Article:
The lyrics for that tune were written by Brendan Ferguson, if memory serves. Believe it or not, “Rudolph…” is still very much under copyright, so that’s the purpose of the me-lodic variation. Fortunately I’m a total geek for that kind of thing, so it was a fun little assignment. It’s always interesting to me when I’m tasked with finding a way to hit all of the right aural buttons to make people associate one tune with another, without ever di-rectly quoting anything from the original. As for the singer, I will just say that he is hands-down the easiest musician I’ve ever had the pleasure of working with; and, yes, he is the same destined-for-stardom vocalist from season one.

In another change of direction, “Beneath the Island of the Chimps” features wavering strings and distant, rumbling percussion before descending harp melodies and a choral pad and organ join in to create an unsettling and awesome atmosphere. I am thoroughly im-pressed. He follows this up with “Sturm Und Drang” which is a bit more lively with de-scending woodwind bits, ominous organ chords, and some trumpet melodies layered over top for good measure. Emerson-Johnson needs to release an entire CD of this kind of mu-sic!

Emerson-Johnson on “Beneath the Island of the Chimps”:
The music that accompanies the underwater Ocean Chimp colony is actually a second attempt at a track for that location. Before the environment was fully modeled I’d started writing a much more upbeat tune that focused more on characterizing the Ocean Chimps themselves; however, as the game started coming together, the piece I had started quickly began to feel too upbeat and groovy to me. The art in that location was so impres-sively ethereal and lugubrious—it was crying out for something much more minimal in the soundtrack. I actually never delivered that original to Telltale at all for Moai Better Blues.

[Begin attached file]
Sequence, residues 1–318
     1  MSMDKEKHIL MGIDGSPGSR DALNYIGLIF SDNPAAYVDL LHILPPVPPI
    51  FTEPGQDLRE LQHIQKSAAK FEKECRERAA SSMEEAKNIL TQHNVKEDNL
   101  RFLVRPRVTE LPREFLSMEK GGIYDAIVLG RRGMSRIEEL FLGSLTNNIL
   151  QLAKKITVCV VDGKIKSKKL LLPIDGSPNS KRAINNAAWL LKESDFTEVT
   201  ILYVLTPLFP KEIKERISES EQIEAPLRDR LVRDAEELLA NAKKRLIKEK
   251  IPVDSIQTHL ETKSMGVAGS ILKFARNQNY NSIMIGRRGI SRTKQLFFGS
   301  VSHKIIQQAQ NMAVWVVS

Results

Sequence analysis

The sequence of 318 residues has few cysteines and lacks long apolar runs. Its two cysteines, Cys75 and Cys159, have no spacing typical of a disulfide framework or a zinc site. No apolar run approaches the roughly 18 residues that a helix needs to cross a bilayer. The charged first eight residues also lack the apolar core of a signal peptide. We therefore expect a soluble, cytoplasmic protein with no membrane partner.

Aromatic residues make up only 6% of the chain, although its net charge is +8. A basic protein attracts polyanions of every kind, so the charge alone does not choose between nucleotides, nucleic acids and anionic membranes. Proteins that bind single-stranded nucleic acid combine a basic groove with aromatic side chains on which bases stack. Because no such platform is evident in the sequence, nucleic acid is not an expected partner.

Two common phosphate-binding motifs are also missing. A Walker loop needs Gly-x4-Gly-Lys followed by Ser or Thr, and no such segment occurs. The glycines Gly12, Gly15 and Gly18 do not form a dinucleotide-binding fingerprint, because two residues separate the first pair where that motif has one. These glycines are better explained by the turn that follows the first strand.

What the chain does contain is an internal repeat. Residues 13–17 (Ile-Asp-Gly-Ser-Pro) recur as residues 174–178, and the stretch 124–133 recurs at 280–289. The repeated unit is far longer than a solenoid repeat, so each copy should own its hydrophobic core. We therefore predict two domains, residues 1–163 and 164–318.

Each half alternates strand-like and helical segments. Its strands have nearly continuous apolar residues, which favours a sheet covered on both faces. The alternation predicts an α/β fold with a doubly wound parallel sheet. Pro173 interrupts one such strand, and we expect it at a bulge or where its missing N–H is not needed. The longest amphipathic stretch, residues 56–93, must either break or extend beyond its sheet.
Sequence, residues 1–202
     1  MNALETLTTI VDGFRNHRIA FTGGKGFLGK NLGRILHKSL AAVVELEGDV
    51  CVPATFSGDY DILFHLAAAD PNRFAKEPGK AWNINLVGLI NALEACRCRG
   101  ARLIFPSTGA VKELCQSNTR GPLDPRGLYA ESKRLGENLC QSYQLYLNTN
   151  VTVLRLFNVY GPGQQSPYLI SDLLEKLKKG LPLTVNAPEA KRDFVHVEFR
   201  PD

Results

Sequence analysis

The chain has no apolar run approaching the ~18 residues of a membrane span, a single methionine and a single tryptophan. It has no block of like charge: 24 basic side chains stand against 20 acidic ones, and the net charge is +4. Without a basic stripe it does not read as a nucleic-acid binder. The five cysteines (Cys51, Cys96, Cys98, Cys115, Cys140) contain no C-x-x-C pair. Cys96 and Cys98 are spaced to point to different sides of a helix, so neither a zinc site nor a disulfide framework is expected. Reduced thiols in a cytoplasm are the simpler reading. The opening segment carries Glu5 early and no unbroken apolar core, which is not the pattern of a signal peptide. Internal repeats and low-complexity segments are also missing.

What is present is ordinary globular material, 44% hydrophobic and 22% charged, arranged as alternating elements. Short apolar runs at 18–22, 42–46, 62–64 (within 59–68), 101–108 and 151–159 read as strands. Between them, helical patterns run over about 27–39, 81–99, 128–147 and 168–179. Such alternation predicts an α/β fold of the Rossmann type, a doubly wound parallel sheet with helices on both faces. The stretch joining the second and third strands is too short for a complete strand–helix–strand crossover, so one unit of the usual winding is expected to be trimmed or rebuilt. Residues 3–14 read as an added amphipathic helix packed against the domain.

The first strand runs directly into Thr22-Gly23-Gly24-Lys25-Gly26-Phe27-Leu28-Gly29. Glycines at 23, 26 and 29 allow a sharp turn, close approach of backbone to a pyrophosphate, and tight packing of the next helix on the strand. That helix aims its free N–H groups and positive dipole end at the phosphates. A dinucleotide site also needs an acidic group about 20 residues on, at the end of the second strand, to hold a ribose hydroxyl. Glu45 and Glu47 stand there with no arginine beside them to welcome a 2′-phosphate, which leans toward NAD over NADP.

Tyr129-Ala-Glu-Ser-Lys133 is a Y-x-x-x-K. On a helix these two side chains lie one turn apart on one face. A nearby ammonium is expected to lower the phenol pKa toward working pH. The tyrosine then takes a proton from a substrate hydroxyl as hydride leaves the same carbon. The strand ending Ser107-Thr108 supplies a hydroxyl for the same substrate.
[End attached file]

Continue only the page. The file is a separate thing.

I believe it was effects-meister-extraordinaire Marco Brezzo who created and polished the look of that location. At that point, it was probably the most impressive visual space that had ever appeared in a Telltale game, and I didn’t want the music to detract from that in any way.